The path to addressing the hydra of threats to technology leverages the very technology to enable the solution. With many products the manufacturer includes a bill of materials, which allows a customer to understand what it is that they are buying. Most hardware manuals and marketing materials already identify the components within products, this data is generally not secret or privileged. Aggregating these simple bills of materials across the global semiconductor supply chains that enable AI and connected media creates a Hardware Bill of Materials (HBOM) framework. This framework allows an end user to understand what they have purchased and have placed on their system. Compiling HBOM data permits a user to quickly track and understand what components are within the devices that make up their network and address any vulnerabilities that might exist.
HBOMs are currently organized in JSON or Text files and are easily transmitted, but not easily standardized or aggregated. HBOMs transforms the relevant hardware and component data into a machine readable format that provides the structure required, for manufacturers to provide attestations as to the accuracy of the relevant data and the relevant cybersecurity vulnerability information. In addition, standardized and machine-readable digital bills of material data permits complex analytics to track and address vulnerabilities. This tracking of the “semiconductor genealogy” highlights design issues or design shops or fabs that require remediation via firmware or other solutions. This means problems can be identified and addressed before gear is placed in sensitive systems.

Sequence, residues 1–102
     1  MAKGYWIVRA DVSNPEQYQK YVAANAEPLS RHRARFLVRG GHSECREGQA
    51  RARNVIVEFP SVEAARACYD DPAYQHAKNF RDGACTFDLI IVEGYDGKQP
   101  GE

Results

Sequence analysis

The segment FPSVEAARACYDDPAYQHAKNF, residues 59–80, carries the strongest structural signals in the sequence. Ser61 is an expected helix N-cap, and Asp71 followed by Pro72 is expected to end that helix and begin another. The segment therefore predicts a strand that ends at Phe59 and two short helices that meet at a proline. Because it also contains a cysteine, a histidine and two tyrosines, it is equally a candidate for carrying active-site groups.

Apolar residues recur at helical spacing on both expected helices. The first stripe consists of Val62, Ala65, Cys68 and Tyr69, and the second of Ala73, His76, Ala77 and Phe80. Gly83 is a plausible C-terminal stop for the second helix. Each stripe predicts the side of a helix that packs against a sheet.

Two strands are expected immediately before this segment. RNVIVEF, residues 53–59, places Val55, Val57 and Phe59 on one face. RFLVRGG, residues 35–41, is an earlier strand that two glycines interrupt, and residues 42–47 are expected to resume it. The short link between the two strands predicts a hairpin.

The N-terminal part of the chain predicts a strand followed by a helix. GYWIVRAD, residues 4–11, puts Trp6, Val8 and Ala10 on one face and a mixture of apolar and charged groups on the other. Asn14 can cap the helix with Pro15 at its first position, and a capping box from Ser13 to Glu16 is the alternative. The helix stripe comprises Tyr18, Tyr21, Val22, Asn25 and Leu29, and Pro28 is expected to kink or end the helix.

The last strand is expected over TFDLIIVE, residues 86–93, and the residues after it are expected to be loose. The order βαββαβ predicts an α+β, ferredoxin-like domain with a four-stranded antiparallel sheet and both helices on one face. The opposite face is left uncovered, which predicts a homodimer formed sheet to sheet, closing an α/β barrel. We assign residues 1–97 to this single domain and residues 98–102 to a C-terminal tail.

What’s more, the key foundational elements needed to promote an equitable HBOM data governance methodology on a global scale are falling into place. The United States is leading the development of a SBOM standard that will provide a road map for the globally connected software supply chain. By June 11th, 2023, all organizations that sell software to the U.S. federal government will be required to provide a Software Bill of Materials (SBOM) as part of enhancing supply chain security. The federal requirement has provided the regulatory motivation for organizations at all phases of the software supply chain to move towards a common standard. Standardization of the data will increase the capacity of governments and other organizations to use, regulate, and promote emerging technologies by improving transparency.